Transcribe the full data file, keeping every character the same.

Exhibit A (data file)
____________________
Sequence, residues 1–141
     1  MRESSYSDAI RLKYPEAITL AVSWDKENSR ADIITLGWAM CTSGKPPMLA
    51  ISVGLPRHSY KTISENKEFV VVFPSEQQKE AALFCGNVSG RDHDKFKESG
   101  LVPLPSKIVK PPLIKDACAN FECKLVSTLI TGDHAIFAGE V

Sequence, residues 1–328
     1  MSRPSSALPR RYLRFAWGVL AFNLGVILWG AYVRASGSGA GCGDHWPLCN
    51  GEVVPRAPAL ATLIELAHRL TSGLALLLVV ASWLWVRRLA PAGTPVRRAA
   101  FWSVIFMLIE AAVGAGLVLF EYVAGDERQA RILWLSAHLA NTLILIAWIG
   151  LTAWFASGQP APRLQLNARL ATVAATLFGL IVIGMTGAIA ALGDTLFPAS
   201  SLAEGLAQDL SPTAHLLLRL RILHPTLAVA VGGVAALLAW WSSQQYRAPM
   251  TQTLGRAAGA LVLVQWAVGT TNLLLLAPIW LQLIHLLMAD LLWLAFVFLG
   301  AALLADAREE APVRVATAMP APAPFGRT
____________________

Sequence, residues 1–141
     1  MRESSYSDAI RLKYPEAITL AVSWDKENSR ADIITLGWAM CTSGKPPMLA
    51  ISVGLPRHSY KTISENKEFV VVFPSEQQKE AALFCGNVSG RDHDKFKESG
   101  LVPLPSKIVK PPLIKDACAN FECKLVSTLI TGDHAIFAGE V

Sequence, residues 1–328
     1  MSRPSSALPR RYLRFAWGVL AFNLGVILWG AYVRASGSGA GCGDHWPLCN
    51  GEVVPRAPAL ATLIELAHRL TSGLALLLVV ASWLWVRRLA PAGTPVRRAA
   101  FWSVIFMLIE AAVGAGLVLF EYVAGDERQA RILWLSAHLA NTLILIAWIG
   151  LTAWFASGQP APRLQLNARL ATVAATLFGL IVIGMTGAIA ALGDTLFPAS
   201  SLAEGLAQDL SPTAHLLLRL RILHPTLAVA VGGVAALLAW WSSQQYRAPM
   251  TQTLGRAAGA LVLVQWAVGT TNLLLLAPIW LQLIHLLMAD LLWLAFVFLG
   301  AALLADAREE APVRVATAMP APAPFGRT